7 p.m. Wednesday, July 22 - Leave No Trace Camping. Brandon Burke demonstrates the essential and proper techniques of low-impact camping and keeping Idaho's wildlife wild. Great program for kids.

10 a.m. Saturday, July 25 - Weed Management with Goats. Come join the Goat Mountain Ranch for a demonstration on the use of goats for weed management.

7 p.m. Wednesday, July 29 - Wolverines. Bon Inman, director of the Greater Yellowstone Wolverine Program, presents a look into the lives of this intriguing and elusive wilderness animal. Great program for kids.

Wednesday, July 01, 2009

Silver Creek: A Guide's Perspective

Fly fishing guide Greg Loomis has spent more than 20 years figuring out the wary trout on Silver Creek. This month on, Greg offers his perspective on the creek and gives an angling primer for those heading to the preserve. Read more.

And Greg has done more than fish the creek. In 2003, he realized that there is not one readily accessible resource for extensive research completed at Silver Creek, research that covers a span of thirty years.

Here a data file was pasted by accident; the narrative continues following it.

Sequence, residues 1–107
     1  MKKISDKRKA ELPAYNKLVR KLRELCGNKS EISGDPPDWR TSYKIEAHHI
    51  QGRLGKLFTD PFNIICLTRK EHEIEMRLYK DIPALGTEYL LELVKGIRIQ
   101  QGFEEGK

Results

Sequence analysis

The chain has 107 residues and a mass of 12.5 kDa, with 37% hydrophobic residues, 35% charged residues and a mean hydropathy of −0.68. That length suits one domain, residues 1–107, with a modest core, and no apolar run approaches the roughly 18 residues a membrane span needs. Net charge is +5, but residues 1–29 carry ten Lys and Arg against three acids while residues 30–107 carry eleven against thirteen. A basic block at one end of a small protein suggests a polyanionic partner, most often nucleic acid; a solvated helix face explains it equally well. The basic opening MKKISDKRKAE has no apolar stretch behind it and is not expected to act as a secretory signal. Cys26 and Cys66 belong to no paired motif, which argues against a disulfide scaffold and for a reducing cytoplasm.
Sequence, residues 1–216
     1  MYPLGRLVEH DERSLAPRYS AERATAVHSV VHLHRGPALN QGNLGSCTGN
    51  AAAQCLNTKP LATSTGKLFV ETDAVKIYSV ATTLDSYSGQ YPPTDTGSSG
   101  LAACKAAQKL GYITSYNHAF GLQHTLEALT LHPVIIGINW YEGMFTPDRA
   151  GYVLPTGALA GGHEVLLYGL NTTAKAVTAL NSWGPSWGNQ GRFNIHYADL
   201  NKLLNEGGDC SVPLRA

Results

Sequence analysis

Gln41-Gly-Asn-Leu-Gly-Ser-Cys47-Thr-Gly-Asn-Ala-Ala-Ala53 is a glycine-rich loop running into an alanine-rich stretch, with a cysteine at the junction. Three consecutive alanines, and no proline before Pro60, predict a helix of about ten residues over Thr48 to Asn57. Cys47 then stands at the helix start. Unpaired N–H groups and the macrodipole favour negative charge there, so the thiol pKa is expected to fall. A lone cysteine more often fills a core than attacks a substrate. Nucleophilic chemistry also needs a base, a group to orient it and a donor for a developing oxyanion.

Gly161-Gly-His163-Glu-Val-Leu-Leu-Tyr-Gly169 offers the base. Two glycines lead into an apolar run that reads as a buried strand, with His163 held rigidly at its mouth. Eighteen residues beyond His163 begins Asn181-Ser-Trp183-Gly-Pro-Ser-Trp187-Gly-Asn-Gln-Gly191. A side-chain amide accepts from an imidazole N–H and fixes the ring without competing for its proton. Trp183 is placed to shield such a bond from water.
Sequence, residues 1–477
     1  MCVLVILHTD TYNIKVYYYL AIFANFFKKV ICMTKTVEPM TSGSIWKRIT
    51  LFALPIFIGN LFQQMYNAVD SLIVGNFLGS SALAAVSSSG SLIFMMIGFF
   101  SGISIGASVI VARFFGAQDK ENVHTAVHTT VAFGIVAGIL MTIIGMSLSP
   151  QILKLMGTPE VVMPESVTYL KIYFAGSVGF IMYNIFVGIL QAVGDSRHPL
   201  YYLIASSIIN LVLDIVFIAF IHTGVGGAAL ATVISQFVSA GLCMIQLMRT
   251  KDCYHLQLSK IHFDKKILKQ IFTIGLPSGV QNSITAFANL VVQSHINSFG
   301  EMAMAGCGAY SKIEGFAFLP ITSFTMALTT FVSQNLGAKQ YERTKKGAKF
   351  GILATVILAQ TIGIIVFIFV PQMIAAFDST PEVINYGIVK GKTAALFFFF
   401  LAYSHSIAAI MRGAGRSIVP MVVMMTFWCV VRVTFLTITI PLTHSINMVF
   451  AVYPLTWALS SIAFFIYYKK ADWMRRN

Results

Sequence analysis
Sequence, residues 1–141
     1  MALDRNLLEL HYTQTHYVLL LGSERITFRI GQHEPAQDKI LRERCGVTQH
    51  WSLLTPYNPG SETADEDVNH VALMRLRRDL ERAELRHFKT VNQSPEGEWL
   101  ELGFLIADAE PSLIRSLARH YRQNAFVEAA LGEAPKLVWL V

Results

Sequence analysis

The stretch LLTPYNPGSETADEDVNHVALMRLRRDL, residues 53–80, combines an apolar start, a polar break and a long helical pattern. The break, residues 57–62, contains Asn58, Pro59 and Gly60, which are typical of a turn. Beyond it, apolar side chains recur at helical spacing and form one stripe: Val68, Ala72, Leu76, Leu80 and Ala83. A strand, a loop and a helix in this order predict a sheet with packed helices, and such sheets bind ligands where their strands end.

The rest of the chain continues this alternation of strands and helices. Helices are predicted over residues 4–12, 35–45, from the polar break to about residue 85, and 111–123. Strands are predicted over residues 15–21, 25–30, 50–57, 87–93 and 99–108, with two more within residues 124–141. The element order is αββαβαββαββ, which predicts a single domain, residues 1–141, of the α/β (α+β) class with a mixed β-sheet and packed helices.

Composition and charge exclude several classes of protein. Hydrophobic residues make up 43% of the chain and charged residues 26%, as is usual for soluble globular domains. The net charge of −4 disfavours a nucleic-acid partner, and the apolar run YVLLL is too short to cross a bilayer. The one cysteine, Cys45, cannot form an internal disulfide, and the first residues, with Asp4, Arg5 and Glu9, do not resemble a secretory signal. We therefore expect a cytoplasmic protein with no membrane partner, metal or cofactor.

He created a web site,, a comprehensive, user-friendly web site featuring everything from water temperature statistics to brown trout studies.

"A lot of people make guesses about the creek, and I wanted to provide unbiased factual information," Greg says. "I don't have editorials or interpretations. I just put up the sutdies so that everyone can have the facts."

It is conservationists like Greg Loomis who make Silver Creek a conservation success. Check out his web site and expand your own knowledge of Silver Creek. --Matt Miller